Problems that constructors have had to overcome in their design and construction of the Southern California Rapid Transit District's (RTD) $3.75-billion, Metro Red Line in Los Angeles are described. Line segments are being constructed by tunnel boring machines and crossovers are excavated by cut-and-cover techniques. The area sits atop oil and abondoned natural gas wells; the quantification and management of the uncharted presence of hydrocarbons is described. Besides the extensive monitoring, contractors are required to use explosion-proof equipment in mining operations and to install ventilation systems that will provide an air velocity of 100,000 cu ft per minute during construction. A central gas monitoring system developed expressly for the Red Line will be installed to measure methane gas and hydrogen sulfide. A 100-mil thick, high density polyethylene (HDPE) membrane is being used to encapsulate the tunnels and stations. Construction has been slowed by large boulders. The design also accounted for a moderate-scale earthquake expected within 100 years; the structure was made ductile by adding 5 to 10% more reinforcing steel to tunnel joints to absorb the imposed deformation. Other seismic design criteria are also noted. The construction involved the moving of a great number of utilities, remedying leakages, and cleaning asbestos used to insulate utilities. A unique vertical conveyor was used to move muck to a truck-laoding bin 46 ft above street level. The protection of downtown buildings from settlement after tunnel excavation is described. A carefully orchestrated traffic control plan that maintained traffic flow above ground is noted.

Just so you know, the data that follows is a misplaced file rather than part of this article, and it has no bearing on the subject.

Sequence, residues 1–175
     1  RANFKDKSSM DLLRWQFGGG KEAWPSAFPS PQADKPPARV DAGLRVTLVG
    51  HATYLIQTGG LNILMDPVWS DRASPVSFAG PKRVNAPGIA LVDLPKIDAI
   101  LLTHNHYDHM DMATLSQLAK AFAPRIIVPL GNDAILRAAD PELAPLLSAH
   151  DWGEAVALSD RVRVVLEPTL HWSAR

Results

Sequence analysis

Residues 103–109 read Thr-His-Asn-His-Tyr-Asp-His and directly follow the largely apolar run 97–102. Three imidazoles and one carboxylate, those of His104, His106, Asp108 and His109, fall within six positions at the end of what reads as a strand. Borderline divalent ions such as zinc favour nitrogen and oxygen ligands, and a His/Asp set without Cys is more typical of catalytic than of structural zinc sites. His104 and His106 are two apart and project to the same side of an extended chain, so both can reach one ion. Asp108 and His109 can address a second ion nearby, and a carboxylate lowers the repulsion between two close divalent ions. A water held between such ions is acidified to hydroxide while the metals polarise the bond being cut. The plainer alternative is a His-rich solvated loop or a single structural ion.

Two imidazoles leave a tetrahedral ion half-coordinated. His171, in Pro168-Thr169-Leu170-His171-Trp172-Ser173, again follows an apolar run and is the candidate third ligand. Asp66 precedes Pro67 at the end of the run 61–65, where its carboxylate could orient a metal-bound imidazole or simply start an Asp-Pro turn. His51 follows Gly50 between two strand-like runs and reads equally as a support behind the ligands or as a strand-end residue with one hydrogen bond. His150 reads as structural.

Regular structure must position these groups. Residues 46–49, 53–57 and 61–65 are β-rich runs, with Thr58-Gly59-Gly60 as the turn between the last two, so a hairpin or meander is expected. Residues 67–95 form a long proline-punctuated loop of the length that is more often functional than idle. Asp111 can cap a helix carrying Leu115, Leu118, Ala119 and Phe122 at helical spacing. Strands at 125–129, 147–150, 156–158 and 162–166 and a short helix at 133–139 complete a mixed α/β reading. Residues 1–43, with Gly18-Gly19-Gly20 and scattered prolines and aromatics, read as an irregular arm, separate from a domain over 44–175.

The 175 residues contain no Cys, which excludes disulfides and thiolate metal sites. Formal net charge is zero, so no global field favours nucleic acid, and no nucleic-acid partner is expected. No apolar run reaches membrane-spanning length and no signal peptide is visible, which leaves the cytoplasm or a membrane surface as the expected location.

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  • Corporate Authors:

    McGraw-Hill, Incorporated

    330 West 42nd Street
    New York, NY  United States  10036
  • Publication Date: 1989-6-8

Media Info

  • Pagination: p. 38-43
  • Serial:

Subject/Index Terms

Filing Info

  • Accession Number: 00485150
  • Record Type: Publication
  • Files: TRIS
  • Created Date: Jun 30 1989 12:00AM